August 30, 2021
Tae Ashida on balancing sustainability and superior quality
Today, industry is being called on to implement sustainable production practices, and the fashion industry in particular has been under pressure to make fundamental reforms. In 2019 the United Nations Conference on Trade and Development (UNCTAD) sent a shock wave around the globe when it declared the fashion industry to be the world’s second-biggest polluter, after the petroleum industry. In fact, the manufacture and distribution of clothing produces more carbon emissions than the airline and shipping industries combined.
One problem cited is that each year about 92 million tons of clothing and fabric is disposed of worldwide — including a million tons in Japan alone, according to a 2017 report by Global Fashion Agenda. For the past decade, the fashion world’s dominant business model has been “fast fashion,” in which large amounts of clothing are produced at low cost and consumers are encouraged to purchase and dispose of clothing frequently. Fast fashion has become the norm. Many experts, including those in the United Nations, believe this trend is hurting the environment and are calling for a change in approach.
How can businesses develop systems that produce no waste, using environmentally friendly materials? The fashion brand Jun Ashida has been engaging with the issues now facing the industry since before these problems were brought to light. We spoke with Tae Ashida, a designer for Jun Ashida.
“From the time the brand was founded by my father, Jun Ashida, in 1963, its creative philosophy has been to make each garment with care and without waste,” she said. “As a company we work hard to keep our stock to a minimum by matching production output as closely as possible with clients’ needs. I think what’s most important for sustainability in fashion is that people love each item of clothing they own and use it for a long time. Even in designing clothing patterns, we’ve tried to ensure that as little fabric as possible is disposed of. But still, it’s a fact that in the fashion world many aspects of the production-to-distribution process are not sustainable. No matter how beautiful your design is or how much attention to detail and quality you put into your craftsmanship, on the other side of the equation it’s going to be unacceptable, going forward, to make only products that negatively impact the environment. There’s a long road ahead until the switch to an environmentally friendly production model is complete, but we’re working to get there through a process of trial and error.”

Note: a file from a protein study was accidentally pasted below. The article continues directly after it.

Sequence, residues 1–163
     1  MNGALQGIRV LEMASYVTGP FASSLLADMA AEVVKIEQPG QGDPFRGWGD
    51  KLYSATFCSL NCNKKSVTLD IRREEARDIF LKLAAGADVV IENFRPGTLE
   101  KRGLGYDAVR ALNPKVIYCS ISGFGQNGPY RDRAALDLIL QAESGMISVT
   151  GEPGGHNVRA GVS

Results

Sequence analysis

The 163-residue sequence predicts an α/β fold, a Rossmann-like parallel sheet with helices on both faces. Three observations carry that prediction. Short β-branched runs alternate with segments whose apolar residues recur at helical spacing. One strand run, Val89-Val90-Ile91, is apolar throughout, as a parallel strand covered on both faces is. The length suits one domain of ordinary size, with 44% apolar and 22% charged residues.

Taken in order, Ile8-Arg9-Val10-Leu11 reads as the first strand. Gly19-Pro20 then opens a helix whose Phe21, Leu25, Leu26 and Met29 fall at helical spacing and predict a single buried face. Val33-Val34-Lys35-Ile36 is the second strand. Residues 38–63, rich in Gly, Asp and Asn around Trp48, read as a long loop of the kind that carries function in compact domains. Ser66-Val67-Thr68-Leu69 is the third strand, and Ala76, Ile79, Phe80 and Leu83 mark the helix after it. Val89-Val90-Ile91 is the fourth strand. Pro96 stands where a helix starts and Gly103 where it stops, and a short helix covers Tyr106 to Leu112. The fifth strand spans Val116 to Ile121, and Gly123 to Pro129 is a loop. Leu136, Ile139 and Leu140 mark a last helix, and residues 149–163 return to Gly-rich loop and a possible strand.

Thus, in 2020 Tae Ashida launched the brand Ecoistes by Jun Ashida with the theme “Aspiring to eco-friendliness of superior quality.” This relaxationwear series, which aims for sustainability and comfort, uses only fabrics that have received Italy’s environmental certification.
“In 2019 I visited the international fabric and textile trade fair Pitti Filati in Florence, Italy,” she said. “When I was there, I discovered recycled cashmere material of very high quality, and my perspective on environmentally friendly clothing creation changed completely. Today in Europe, awareness of environmental concerns is becoming so strong that you can’t even do business unless you have a sustainable outlook. On that occasion I came across an Italian company that produces high-quality recycled fiber. When I went to visit their factory, I was amazed by the thoroughgoing approach they take in order to minimize any harmful impacts on the environment. They maintain this approach while continuing to produce superior-quality fabric and supply it to high-end brands. Even though I was still learning about environmental matters, I felt certain that if I worked with a company like this I could create a brand that aimed for sustainability and quality simultaneously. The result was that I started Ecoistes.